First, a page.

|Figures 9a and 9b. Incisal material in place and polymerized (note translucency difference between the incisal edge and the body material). To ensure the proper seal of gingival margins, apply a small amount of Renamel Nano material and sculpt with the IPC instrument.||Figures 10a and 10b. The G3 is used to sculpt and smooth subgingivally to completely seal margin. Material application and morphology is complete. (Note how much attention is given to properly sculpted tooth form.) Then the material is light-cured for 60 seconds.|
|Figure 11. Final composite resin veneer (No.6) after polishing. Note multichromatic nature (gingival to incisal), natural canine morphology, and canine disclusion.||Figure 12a. Upper left cuspid (No 11). Composite application complete and polyermized prior to finish. Figure 12b. Use of discs to contour the labial surfaces, to properly contour line angles, and to develop embrasure surfaces.|
|Figure 13a. Note retraction with an 8A instrument (HuFriedy) to protect gingival tissue and an 8392-016 diamond (Brasseler USA) while trimming and defining the gingival tissue. Figure 13b. Further define tooth and prepolish with a fluted ET6 bur (Brasseler USA).||Figure 14a. A diamond-impregnated point (Diamond Polisher Medium [Cosmedent]) is used to form/polish mesial and distal grooves and further develop the central lobe on the cuspid. Figure 14b. Fine and superfine discs (FlexiDiscs [Cosmedent]) are used to achieve a high luster while maintaining facial anatomy.|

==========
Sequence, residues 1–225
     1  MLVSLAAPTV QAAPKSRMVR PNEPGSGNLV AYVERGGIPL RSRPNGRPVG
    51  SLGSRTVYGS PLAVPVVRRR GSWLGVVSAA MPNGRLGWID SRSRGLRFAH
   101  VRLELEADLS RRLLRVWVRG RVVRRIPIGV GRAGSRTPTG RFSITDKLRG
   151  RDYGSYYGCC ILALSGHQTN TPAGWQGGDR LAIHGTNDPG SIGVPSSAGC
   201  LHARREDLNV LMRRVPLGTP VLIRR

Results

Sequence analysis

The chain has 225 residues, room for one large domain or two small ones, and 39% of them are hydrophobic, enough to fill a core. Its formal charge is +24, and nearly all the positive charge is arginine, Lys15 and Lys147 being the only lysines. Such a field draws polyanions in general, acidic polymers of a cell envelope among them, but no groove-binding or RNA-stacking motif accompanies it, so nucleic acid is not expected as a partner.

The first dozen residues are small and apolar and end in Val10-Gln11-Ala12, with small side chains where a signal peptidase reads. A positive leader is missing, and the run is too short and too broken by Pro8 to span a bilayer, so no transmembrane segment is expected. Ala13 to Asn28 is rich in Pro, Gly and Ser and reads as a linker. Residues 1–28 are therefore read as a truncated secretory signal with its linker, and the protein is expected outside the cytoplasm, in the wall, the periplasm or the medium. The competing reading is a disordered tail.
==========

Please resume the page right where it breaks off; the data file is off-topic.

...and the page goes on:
|Figure 15a. The tooth is buffed (FlexiBuff) [Cosmedent] and polished (Enamelize polishing paste [Cosmedent]) in order to achieve an exceptionally smooth surface. A Felt FlexiPoint (Cosmedent) with Enamelize polishing paste is used to enhance the mesial and distal grooves. Figure 15b. Final polish. Note excellent color match to Vita shade tab.||Figure 16. Completed case: Tooth Nos. 6 and 11 were done with Renamel NANO A2 Body and Medium Incisal. Tooth Nos. 7, 8, and 10 were done with Renamel NANO and overlaid with Renamel Microfill A2 Body and Medium Incisal. Tooth No. 9 was not veneered, but the mesial and distal diastema closures were done using only Renamel Microfill.|
Dr. Mopper is in private practice in Glenview, Ill, where he has been involved with creating dental aesthetics for 42 years. He is an internationally renowned lecturer in aesthetic dentistry with an emphasis on composite bonding using direct application techniques. He co-authored A Complete Guide to Dental Bonding, the first definitive book for the dental profession describing bonding techniques. He is a member of the Academy of Esthetic Dentistry, a founder and Fellow of the American Academy of Cosmetic Dentistry, a Diplomat of the American Board of Pediatric Dentistry, and a Fellow of the American College of Dentists. He received the New York University College of Dentistry Irwin Smigel Prize in Aesthetic Dentistry, and the Lifetime Achievement Award from GenR8TNext seminars. He is director of education for the Center for Esthetic Excellence (Chicago), and can be reached at (847) 729-6080 or firstname.lastname@example.org.
Disclosure: Dr. Mopper is co-founder and chairman of Cosmedent, where he is responsible for its educational programs and product development.